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Comment Re:And yet (Score 3, Interesting) 409

Sure. Unless you consider Assange's very sanctuary in the embassy is essentially a big, Ecuadorian, middle finger to the US.

A very good point, because it indicates that Ecuador's recent decision to deny Assange internet access is inconsistent with their previous practice and therefore an unexplained contradiction. In the history of Wikileaks, what have they released which not impact an election? Indeed, influencing political outcomes by releasing secrets is Wikilieaks raison d'être. And Ecuador just noticed that now?

My guess would be that Ecuador was threatened either by an official in the Obama administration or by a Clinton functionary promising retaliation after she wins election.

Comment Re: And yet (Score 4, Informative) 409

from parent post:

Preventing the distribution of information that Hillary Clinton made speeches where she said in private the same things as she said in public? ..."

from one of Hillary Clinton's paid Wall Street speeches:

Clinton: “But If Everybody's Watching, You Know, All Of The Back Room Discussions And The Deals, You Know, Then People Get A Little Nervous, To Say The Least. So, You Need Both A Public And A Private Position.” You just have to sort of figure out how to -- getting back to that word, "balance" -- how to balance the public and the private efforts that are necessary to be successful, politically, and that's not just a comment about today.

Not only does Hillary Clinton advocate in private paid meetings to Wall Street bankers policies opposed her own public positions, she confesses in one of those meetings that she does. The contradictions between her public statements and private statements made to Wall Street bankers are why she suppressed the release of transcripts or recordings of those paid speeches during the primary and why their release by Wikileaks has been politically damaging to her.

Comment 3+ miles for me! (Score 4, Insightful) 156

If you divide the distance walked by the number of days since I started playing... which includes many days where I didn't play, and some where I played 8 hours.
Lost 15 lb and slimmed down considerably!
Also met two really cute geek girls who were happy to let me play with their, ahem, pokemon! ;)
Grab them by the pokemon I say! :D

Comment That's unusual (Score 3, Insightful) 44

About the recently defunct AT&T ad program: there are innumerable little such bullshit annoyances which businesses create for customers because it's part of the of the superstition and business culture to assume without question that whatever fraction of a percent of increased revenue they generate merits the frustration which they cause customers.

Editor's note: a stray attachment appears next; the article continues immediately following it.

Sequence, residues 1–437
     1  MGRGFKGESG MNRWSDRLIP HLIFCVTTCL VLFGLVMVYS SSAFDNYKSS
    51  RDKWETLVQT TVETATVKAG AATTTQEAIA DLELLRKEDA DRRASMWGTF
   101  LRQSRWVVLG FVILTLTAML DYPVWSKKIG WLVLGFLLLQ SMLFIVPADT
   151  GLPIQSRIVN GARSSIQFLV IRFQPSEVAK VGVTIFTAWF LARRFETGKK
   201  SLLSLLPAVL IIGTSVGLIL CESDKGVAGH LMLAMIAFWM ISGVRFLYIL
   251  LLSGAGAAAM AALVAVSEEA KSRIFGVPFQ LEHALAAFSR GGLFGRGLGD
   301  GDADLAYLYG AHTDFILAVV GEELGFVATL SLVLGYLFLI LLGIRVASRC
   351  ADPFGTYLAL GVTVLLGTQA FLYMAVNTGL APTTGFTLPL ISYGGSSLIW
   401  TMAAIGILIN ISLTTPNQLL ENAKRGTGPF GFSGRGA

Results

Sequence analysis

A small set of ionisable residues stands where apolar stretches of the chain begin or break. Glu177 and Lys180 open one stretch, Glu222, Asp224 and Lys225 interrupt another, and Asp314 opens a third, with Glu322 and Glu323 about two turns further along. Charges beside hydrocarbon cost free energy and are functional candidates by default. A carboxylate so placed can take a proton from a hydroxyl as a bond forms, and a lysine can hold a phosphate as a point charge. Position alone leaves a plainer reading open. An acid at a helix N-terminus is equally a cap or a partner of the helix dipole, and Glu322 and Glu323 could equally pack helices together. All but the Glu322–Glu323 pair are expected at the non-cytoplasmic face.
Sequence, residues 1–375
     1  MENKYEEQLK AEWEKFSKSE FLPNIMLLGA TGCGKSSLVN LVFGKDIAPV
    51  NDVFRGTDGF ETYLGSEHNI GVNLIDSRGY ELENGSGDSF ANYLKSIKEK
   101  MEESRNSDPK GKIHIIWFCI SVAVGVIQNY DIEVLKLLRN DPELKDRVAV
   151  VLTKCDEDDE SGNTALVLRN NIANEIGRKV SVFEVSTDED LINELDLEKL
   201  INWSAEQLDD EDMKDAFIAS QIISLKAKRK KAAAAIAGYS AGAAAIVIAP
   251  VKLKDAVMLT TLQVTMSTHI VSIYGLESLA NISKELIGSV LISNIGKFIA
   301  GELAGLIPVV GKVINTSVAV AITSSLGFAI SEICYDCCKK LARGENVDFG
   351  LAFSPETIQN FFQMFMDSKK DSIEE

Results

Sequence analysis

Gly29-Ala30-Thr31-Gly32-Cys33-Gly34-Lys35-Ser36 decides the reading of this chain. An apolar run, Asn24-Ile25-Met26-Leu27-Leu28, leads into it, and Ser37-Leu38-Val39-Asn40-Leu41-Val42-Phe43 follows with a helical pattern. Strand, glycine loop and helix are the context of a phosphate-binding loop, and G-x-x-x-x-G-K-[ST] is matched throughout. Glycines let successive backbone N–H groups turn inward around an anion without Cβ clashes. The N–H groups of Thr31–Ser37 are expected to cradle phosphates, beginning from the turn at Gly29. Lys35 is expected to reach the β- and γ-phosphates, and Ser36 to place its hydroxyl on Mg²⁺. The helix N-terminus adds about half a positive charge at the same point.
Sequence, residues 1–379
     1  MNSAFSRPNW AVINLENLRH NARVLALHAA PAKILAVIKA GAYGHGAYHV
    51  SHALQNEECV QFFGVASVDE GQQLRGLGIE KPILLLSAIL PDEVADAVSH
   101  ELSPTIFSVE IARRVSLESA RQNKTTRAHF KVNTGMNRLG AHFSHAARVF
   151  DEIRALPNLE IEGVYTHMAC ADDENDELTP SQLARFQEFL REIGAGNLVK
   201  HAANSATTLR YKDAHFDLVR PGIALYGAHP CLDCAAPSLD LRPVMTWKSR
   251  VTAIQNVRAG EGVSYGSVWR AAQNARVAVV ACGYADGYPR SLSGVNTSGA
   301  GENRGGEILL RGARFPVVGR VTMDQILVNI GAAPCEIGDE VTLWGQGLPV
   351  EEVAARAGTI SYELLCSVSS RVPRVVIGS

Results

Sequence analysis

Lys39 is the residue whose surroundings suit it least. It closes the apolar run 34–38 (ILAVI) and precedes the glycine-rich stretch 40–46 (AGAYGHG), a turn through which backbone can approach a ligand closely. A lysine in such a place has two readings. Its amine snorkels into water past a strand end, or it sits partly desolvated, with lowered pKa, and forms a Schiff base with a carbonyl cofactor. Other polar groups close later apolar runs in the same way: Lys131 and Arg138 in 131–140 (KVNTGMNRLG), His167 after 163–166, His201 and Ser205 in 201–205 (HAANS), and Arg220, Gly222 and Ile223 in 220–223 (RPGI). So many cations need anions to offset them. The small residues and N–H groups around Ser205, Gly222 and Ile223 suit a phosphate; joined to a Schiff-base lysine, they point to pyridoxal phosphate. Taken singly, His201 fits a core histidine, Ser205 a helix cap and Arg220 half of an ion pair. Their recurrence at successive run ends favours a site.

It's like those sale signs in the grocery store, "Sale, two for [some price]." You stand there, wasting time reading the sign, trying to figure out if you actually have to buy two to get the discount or if you just buy one do you still get a discounted price. Make this easier for everyone and state the sale price of just one, assholes. Of course the people making those labels believe they will cause customers to buy more if they suggest to do that, despite whatever inconvenience that creates when discovering the sales policy for smaller quantities. When I see those signs now, I think to myself, "well, fuck you too," and then shop at Costco and order from Amazon to avoid the bullshit. It is important to attune your senses to such corporate marketing and sales crap and then subvert or work around it; The expansion of corporate bullshit annoyance depends on customers not consciously recognizing and accounting for its burden.

The encrustation of that kind of crap has grown to such levels because customers are not consciously aware of the burden. But because its absence is psychologically uplifting, they respond positively with dollars when it is purged. Remember all those other web search engines which Google totally crushed? Their home pages loaded up with advertising? Then Google defied the convention of crowding ever-more advertising into the search page and displayed only their logo and the search box, and minimal, discrete related advertising in search results. And it was good. And the design genius of the Steve Jobs and the award-winning, insanely-high-sales-revenue-per-square-foot Apple Stores? Actually very simple formula: It's just stuff you want to buy sitting out on tables to look at and then purchase. The glass and wood and stone is cool, but it is slight-of-hand. The real reason the stores work is because of the absence of store bullshit. Stuff you want to buy sitting on tables to look at. Absolute genius.

Comment If you are into that (Score 5, Insightful) 474

So I have this friend with a father who is a Vietnam war hero. When the base was under attack, he would grab the nearest weapon he could get his hands on and run toward the enemy. He won a medal for demonstrating that after the enemy shoots the tail off your helicopter, it is indeed still flyable if you go just go fast enough. Funny thing was, his very successful military career was something of an accident. Before joining the army, when there was nothing at stake and nothing to be gained by it, he would get in trouble by doing some damn fool wild thing. After the umpteenth time the judge finally told him, it's the jail or the military, you choose.